Ten years after BTG weathered a tempest as the FDA erected a barrier to its new treatment for varicose veins, the British biotech company has finally gained U.S. approval for its product and confidently predicts it can register peak sales of $500 million a year.
Varithena--formerly dubbed VariSolve--is an injectable foam product designed to substitute for surgical interventions for varicose veins. And the company saw its shares shoot up 15% on the upbeat news as executives set the stage for a Q2 launch next year.
"We are delighted to receive US approval for Varithena, which we believe sets a new standard for the treatment of both the symptoms and appearance of varicose veins," says CEO Louise Makin. "We look forward to the commercial US launch in the second quarter of 2014, and to continuing to advance our plans to expand use into other geographies and into non-symptomatic veins."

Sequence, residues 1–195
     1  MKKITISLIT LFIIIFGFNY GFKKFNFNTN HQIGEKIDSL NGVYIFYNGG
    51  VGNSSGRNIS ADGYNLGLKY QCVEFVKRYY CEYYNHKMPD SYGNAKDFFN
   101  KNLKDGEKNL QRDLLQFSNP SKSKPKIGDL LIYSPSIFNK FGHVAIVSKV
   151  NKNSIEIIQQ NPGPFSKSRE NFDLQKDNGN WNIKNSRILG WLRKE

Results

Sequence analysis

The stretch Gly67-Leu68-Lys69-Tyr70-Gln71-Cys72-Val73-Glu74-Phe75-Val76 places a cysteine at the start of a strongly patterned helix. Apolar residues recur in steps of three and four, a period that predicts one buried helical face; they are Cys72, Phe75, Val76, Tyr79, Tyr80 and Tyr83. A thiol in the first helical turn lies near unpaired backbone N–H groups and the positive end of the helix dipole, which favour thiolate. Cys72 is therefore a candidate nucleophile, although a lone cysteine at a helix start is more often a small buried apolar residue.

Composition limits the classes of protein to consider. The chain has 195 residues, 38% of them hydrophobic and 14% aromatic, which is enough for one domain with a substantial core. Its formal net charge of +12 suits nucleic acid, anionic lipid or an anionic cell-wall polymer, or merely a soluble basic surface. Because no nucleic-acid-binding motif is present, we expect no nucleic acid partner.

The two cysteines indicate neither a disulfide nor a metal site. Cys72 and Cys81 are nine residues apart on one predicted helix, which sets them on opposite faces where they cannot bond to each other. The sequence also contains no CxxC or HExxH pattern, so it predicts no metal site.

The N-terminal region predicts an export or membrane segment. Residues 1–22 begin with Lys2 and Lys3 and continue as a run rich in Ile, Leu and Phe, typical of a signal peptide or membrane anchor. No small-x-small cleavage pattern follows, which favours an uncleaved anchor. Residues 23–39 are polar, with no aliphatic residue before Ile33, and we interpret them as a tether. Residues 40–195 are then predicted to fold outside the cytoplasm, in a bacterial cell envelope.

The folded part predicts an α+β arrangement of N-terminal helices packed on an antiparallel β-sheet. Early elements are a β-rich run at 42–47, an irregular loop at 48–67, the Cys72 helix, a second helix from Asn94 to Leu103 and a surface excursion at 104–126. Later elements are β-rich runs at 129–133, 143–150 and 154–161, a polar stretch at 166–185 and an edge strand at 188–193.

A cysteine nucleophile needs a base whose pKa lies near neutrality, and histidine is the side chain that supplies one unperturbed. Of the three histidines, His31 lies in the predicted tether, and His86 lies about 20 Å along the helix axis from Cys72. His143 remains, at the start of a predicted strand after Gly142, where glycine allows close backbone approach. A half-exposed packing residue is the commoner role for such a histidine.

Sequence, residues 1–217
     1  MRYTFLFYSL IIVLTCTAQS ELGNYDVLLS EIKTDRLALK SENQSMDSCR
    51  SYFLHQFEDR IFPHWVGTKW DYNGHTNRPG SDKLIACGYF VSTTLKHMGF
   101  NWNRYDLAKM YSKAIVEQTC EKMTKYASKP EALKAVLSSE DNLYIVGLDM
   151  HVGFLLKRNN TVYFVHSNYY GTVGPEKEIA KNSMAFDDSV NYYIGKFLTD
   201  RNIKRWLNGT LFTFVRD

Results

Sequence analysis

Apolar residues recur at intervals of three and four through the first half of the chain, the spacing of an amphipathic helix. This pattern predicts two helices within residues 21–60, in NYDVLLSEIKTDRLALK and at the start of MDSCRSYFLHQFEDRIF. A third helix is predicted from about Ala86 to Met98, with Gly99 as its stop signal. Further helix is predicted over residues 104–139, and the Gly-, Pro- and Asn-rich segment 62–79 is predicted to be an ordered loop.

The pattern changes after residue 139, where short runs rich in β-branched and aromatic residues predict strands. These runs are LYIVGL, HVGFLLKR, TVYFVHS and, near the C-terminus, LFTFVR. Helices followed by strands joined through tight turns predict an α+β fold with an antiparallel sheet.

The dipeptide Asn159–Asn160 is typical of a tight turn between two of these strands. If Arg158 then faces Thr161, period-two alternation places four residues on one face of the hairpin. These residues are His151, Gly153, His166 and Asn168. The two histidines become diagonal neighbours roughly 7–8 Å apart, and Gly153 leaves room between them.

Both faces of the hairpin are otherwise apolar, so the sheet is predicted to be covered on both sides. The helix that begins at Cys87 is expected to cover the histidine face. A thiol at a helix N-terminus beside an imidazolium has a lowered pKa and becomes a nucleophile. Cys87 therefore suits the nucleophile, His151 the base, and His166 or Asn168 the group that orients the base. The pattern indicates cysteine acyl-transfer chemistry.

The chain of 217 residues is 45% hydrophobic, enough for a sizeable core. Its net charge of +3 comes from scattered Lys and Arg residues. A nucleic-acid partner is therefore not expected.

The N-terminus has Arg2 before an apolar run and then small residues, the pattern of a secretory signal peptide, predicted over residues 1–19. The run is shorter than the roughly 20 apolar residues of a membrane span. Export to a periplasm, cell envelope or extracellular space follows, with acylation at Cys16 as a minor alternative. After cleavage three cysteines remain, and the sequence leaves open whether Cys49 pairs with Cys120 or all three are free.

BTG estimates the full potential market for Varithena at 30 million adults in the U.S., with women far more likely than men to develop varicose veins.
The approval marks a big advance for Makin, who outlined ambitious plans to grow the company in an interview with FierceBiotech earlier this year.
In the spring BTG agreed to pay $180 million in cash and up to $40 million in milestones for Seattle-area company Ekos, which gave it control of EkoSonic, a new technology approved in the U.S. and Europe for treating blood clots. The biotech has been developing the product for use in hospitals--making it a good match for Varithena. Earlier BTG nabbed the targeted therapies division of Nordion for $200 million, getting its hands on Therasphere, which uses radioactive glass beads in a targeted approach to treating liver cancer.
- here's the press release